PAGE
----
Welcome To
Acadia Broadcasting NewsThe Latest and Greatest ContentYour Trusted Local Source


Audrey Parker’s Legacy: N.S. drops some Medical Assistance in Dying requirements

By Skye Bryden-Blom Aug 9, 2022 | 5:47 PM

Audrey Parker. (Still from Dying with Dignity Canada YouTube)

The province is removing the requirement that a person’s natural death be “reasonably foreseeable” to be eligible for Medical Assistance in Dying (MAID).

Nova Scotia Health has also announced its implementation of Audrey’s Amendment in honour of the Nova Scotia woman who advocated for changes to be made to the legislation.

Audrey Parker of Halifax died sooner than she would have liked due to the rules around “late-stage” consent. The amendment in her honour eliminates the requirement that a person be completely conscious to provide consent at the time of their death.

The 57-year-old had Stage 4 breast cancer four years ago, which had spread to the lining of her brain. Parker wanted to share one last Christmas with her loved ones but was worried she wouldn’t be able to provide final consent if she waited.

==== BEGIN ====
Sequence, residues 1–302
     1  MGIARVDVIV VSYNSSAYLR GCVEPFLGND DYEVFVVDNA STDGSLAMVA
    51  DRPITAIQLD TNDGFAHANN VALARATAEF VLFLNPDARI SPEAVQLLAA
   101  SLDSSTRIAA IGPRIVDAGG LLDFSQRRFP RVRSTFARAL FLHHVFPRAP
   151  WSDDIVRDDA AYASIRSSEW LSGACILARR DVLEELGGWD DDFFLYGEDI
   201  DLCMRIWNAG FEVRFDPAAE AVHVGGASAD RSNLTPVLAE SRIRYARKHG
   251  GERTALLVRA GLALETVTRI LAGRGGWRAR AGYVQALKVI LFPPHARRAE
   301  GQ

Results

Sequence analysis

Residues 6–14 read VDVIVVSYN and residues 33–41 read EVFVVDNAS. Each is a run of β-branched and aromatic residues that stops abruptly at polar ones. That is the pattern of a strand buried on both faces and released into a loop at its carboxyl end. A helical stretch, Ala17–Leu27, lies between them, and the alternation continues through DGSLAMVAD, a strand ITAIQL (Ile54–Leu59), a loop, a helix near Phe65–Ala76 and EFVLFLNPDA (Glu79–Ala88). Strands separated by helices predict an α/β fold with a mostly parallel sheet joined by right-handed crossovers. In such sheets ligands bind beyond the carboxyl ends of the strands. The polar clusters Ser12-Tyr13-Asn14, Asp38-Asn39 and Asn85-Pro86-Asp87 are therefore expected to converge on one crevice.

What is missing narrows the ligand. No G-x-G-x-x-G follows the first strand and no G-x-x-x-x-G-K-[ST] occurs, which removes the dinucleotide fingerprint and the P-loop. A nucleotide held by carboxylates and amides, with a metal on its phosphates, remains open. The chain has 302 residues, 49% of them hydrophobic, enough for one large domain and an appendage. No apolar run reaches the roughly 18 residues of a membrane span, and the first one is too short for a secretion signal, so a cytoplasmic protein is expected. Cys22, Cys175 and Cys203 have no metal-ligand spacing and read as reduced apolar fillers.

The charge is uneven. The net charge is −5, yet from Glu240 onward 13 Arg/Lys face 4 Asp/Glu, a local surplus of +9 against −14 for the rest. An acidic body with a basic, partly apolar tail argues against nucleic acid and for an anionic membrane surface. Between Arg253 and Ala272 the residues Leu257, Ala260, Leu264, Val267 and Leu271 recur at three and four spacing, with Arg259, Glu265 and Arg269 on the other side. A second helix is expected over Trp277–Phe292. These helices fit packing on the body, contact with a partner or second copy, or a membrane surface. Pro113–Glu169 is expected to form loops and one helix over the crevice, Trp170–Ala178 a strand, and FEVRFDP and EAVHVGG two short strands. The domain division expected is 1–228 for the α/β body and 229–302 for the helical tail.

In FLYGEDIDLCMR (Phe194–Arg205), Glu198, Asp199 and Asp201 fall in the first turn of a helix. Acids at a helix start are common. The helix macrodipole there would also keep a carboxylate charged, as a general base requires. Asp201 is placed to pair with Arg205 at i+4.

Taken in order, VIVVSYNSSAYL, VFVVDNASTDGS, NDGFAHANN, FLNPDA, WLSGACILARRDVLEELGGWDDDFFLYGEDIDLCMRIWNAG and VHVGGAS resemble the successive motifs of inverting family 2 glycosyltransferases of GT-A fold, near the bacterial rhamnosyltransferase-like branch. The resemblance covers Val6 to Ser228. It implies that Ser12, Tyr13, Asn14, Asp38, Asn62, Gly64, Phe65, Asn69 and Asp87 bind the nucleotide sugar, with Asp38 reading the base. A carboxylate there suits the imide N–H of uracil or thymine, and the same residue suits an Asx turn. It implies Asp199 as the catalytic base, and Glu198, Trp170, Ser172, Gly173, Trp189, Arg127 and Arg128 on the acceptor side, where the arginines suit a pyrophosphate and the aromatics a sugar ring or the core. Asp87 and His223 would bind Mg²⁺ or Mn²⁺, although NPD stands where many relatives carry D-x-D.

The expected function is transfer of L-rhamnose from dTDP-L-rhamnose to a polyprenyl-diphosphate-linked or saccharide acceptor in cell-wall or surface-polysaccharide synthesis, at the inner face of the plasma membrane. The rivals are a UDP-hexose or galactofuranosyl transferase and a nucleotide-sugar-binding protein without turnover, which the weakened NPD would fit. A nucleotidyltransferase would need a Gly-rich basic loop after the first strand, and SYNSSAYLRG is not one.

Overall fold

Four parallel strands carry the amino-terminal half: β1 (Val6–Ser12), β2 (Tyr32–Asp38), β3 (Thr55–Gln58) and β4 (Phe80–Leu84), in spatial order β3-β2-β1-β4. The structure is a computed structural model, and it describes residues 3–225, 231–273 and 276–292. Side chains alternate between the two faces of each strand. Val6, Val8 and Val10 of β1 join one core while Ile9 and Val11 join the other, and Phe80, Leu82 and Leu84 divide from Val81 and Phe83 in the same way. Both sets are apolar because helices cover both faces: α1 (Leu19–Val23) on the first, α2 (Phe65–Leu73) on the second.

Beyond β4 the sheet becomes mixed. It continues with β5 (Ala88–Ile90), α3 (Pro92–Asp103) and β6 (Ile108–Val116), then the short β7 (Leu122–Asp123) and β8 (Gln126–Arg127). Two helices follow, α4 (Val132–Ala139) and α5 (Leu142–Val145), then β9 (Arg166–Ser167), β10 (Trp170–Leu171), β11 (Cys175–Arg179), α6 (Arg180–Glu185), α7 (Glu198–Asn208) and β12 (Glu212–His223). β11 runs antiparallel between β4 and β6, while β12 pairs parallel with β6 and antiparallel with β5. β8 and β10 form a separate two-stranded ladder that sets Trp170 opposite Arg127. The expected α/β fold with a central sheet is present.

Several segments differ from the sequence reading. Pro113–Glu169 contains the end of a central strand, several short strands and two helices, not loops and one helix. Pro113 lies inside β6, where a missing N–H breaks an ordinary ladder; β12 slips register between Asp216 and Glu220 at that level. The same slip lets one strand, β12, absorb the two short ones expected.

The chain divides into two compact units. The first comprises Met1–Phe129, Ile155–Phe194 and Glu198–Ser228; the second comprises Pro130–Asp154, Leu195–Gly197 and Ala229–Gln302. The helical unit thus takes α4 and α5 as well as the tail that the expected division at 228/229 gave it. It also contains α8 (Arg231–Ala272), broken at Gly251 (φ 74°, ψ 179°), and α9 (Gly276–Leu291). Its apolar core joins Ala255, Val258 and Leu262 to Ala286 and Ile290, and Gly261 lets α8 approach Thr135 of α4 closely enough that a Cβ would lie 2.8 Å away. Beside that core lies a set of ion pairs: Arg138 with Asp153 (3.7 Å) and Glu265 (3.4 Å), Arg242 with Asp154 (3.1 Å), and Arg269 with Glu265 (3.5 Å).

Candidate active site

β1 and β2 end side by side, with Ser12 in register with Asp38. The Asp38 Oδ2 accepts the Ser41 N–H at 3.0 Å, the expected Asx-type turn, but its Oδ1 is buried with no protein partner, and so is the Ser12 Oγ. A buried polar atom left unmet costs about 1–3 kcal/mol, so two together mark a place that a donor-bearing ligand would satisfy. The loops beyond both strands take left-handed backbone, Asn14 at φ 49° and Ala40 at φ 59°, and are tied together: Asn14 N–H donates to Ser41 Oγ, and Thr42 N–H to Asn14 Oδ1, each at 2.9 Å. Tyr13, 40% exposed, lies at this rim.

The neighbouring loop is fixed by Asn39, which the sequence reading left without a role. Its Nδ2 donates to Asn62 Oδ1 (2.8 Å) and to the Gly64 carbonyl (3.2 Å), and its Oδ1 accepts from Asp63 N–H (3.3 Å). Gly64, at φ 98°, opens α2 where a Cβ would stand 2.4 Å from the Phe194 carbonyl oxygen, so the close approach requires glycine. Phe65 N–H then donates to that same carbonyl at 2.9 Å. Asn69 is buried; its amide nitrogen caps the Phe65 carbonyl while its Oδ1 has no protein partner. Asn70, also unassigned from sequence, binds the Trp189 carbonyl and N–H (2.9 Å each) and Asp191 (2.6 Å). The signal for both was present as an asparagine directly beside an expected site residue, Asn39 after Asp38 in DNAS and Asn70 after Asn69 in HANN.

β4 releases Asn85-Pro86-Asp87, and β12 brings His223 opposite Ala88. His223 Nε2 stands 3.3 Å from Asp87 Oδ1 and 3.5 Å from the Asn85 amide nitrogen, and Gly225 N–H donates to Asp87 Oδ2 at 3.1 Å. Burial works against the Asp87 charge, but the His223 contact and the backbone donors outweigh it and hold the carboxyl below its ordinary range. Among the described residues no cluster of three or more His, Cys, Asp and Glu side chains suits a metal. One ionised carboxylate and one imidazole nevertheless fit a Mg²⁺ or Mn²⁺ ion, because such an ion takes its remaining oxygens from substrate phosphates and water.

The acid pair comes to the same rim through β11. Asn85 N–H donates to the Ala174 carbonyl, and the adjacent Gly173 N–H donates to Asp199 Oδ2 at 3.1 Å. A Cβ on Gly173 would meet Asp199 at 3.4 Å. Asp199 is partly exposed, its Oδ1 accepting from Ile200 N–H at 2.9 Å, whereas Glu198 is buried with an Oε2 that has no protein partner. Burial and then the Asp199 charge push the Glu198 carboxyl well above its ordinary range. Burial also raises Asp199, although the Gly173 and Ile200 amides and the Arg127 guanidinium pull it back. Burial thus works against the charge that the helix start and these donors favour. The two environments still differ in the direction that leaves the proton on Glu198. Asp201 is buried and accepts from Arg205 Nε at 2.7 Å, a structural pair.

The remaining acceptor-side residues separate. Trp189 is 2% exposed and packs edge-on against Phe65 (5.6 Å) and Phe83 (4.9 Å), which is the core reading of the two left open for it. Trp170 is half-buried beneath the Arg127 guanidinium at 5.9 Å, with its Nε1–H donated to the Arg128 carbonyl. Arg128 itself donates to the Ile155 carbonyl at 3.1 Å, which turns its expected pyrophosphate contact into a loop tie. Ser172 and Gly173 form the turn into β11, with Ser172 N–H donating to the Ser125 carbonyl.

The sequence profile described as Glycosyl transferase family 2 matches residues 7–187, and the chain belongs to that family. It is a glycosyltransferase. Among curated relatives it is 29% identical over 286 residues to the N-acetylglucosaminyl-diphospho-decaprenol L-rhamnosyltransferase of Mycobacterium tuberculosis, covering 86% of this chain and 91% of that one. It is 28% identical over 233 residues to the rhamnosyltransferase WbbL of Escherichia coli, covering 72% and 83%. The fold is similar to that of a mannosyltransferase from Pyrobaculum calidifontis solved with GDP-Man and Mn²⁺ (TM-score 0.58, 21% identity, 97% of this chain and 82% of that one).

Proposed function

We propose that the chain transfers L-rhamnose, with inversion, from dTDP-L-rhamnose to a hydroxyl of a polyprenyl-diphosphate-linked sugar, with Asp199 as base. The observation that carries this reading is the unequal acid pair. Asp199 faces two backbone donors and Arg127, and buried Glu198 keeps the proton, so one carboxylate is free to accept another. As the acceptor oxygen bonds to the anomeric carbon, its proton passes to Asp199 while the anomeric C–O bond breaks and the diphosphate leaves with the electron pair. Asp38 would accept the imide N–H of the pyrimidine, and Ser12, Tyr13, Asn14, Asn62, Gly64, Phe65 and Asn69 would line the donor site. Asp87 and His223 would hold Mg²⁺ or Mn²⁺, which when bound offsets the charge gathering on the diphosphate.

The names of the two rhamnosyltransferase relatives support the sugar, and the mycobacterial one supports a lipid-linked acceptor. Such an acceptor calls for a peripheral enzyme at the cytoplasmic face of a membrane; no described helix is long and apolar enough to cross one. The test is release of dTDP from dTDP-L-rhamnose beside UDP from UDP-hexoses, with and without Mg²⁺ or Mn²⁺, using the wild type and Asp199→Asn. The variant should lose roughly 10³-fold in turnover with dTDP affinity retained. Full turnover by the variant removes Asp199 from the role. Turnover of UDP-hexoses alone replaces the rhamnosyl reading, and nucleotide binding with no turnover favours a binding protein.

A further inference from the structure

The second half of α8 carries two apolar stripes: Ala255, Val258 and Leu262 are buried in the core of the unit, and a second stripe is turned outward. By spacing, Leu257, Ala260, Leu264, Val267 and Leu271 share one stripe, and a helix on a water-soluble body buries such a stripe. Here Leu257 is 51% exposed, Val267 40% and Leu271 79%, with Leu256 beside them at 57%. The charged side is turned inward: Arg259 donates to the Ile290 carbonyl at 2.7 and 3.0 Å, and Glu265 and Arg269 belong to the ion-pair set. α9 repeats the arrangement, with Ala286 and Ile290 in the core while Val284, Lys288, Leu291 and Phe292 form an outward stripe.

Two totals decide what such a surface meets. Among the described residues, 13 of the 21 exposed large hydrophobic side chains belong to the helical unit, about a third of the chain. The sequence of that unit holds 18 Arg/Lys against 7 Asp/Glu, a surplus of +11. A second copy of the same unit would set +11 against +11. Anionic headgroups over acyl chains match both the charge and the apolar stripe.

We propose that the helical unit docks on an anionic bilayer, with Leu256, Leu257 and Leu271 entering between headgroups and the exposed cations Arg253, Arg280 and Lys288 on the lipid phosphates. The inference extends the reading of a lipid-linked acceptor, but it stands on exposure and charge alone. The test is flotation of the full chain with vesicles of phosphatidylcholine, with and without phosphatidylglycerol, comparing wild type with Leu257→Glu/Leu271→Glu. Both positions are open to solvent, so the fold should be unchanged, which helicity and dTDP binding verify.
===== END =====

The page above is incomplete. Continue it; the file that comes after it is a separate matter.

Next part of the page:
She took to social media on November 1st, 2018 to share her final thoughts on the day of her medically assisted death.

“Dying is a messy business. I can’t predict when cancer will move into my brain matter or when something else big happens to make me more unwell,” Parker wrote. “I wanted to make it to Christmas and New Year’s Eve, my favourite time of the year, but I lost that opportunity because of a poorly thought out federal law. I just can’t gamble with my end of life and the pain I endure.”

She urged Canadians to call for changes to the legislation. Public Health says the changes announced today will come into effect immediately.


“It is vital that we ensure our policies and procedures reflect the changing landscape around MAID and all clinical areas,” says Dr. Nicole Boutilier, Vice President of Medicine at Nova Scotia Health, in a news release. “The new documents demonstrate our commitment to patients and clinicians in safeguarding the highest standard of care.”

The full list of changes include the following:

  • revised processes
  • updated clinical documentation
  • recent changes to the federal MAID legislation
  • witness requirements
  • eligibility criteria
  • waiver of final consent

The Senate of Canada gave royal assent to Audrey’s Amendment in March 2021.


Leave a Reply